The U.S. Department of Education Office for Civil Rights has been investigating Michigan State this week. They have been brought to the campus because of the 2010 rape accusation against Keith Appling and Adreian Payne. Yes, it took place nearly four years ago but is being brought back to the forefront because of a complaint received about the university’s handling of the case.
University spokesman Jason Cody says Michigan State University has received notice of three complaints related to Title IX compliance. Title IX is the section of the Education Amendments of 1972 which prohibits discrimination based on sex in educational institutions receiving federal funds.
The incident happened in August 2010, when the two athletes were accused by another student of sexually assaulting her. At the time, MSU police brought the case to the Ingham County Prosecutor’s Office, which decided not to press charges against the players. In October 2010, Ingham County Prosecutor, Stuart Dunnings III, stated that assistant prosecutor, Debra Bouck, had screened the case and found no reason to file charges. Dunnings also said that Chief Assistant Prosecutor, Lisa McCormick, agreed with the decision.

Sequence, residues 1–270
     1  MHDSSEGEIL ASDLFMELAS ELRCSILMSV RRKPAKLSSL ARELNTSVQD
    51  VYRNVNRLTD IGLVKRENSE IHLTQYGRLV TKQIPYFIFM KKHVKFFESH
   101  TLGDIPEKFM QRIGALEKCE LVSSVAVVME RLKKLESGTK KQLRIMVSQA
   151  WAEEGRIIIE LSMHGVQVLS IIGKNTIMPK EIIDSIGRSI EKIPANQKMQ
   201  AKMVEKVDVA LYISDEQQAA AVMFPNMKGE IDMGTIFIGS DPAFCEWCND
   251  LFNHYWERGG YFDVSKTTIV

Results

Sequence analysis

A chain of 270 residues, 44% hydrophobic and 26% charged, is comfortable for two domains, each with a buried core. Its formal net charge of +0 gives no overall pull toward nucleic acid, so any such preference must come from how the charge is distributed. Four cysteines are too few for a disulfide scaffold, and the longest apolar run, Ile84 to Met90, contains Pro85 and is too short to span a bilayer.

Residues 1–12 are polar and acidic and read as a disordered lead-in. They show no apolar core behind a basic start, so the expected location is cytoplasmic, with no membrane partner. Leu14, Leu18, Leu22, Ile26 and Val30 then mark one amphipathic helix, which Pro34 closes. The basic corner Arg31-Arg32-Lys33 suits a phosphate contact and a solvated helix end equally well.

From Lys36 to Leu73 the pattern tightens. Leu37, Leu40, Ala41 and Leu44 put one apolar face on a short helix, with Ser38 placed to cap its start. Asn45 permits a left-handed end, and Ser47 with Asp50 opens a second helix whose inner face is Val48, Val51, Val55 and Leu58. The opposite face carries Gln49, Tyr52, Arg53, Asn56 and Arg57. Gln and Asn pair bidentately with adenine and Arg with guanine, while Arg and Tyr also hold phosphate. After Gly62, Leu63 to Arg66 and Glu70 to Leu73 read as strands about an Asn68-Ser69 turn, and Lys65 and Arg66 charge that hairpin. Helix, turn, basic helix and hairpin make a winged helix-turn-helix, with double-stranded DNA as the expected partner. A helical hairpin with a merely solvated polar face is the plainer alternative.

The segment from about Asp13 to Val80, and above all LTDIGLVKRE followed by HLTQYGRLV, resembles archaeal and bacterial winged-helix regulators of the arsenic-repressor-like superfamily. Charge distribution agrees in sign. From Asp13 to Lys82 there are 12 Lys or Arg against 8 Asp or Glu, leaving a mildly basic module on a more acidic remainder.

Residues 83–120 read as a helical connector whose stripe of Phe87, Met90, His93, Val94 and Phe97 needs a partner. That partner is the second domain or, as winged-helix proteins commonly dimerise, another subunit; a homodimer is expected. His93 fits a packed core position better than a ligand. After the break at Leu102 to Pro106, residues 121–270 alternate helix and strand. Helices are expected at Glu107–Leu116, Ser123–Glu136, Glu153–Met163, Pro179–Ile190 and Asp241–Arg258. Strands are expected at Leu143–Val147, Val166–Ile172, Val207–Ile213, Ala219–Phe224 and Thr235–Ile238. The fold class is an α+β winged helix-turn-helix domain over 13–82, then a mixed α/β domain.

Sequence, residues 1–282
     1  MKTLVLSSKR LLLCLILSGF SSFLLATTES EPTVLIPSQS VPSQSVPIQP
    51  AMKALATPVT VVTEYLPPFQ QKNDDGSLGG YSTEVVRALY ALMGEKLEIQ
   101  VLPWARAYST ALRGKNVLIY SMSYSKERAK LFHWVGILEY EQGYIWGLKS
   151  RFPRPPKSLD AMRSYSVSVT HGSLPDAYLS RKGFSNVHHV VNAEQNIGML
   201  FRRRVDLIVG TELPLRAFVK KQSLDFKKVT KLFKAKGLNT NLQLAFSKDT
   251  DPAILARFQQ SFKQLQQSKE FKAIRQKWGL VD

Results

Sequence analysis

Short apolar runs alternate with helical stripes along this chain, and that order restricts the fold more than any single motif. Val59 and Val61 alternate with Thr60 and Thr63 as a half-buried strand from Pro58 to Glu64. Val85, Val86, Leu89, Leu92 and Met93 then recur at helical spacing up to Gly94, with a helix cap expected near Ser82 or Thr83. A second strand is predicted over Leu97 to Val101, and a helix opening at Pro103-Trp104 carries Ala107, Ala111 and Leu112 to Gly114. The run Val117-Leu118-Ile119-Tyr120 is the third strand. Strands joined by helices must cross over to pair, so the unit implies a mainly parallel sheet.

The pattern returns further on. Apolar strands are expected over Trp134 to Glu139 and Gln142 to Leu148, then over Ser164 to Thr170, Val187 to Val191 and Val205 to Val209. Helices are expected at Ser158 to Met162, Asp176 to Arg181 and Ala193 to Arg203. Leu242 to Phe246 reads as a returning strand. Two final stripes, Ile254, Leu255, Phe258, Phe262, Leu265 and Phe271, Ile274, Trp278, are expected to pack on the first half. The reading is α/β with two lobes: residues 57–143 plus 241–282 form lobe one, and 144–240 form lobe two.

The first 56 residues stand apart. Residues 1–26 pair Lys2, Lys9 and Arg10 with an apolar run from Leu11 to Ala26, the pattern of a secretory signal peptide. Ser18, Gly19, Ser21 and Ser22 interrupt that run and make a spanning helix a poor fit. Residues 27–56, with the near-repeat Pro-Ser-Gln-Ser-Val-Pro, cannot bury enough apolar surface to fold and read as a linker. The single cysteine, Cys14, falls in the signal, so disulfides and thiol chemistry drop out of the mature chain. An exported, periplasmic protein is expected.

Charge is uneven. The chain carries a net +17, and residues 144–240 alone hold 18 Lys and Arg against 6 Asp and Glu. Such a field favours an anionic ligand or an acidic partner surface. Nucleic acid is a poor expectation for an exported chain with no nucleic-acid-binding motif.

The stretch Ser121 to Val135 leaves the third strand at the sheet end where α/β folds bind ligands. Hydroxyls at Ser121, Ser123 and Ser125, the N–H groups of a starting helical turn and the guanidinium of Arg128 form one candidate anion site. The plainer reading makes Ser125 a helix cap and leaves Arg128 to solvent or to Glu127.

“I have prosecuted numerous prominent persons – including police officers, attorneys and athletes,” Dunnings said at the time. “In each instance, I believe that our office has handled the case regardless of status, and shown neither favor nor prejudice to any person.”
Cody said MSU had been informed of the federal complaint about the 2010 rape incident the following year. He said student privacy rules prevented him from saying whether it had been adjudicated through the student judicial process. He wouldn’t elaborate any more on the three complaints.
Kent Casella, MSU’s vice president for media communications, released a statement earlier this week, said MSU “responded fully and appropriately to the incidents under investigation.”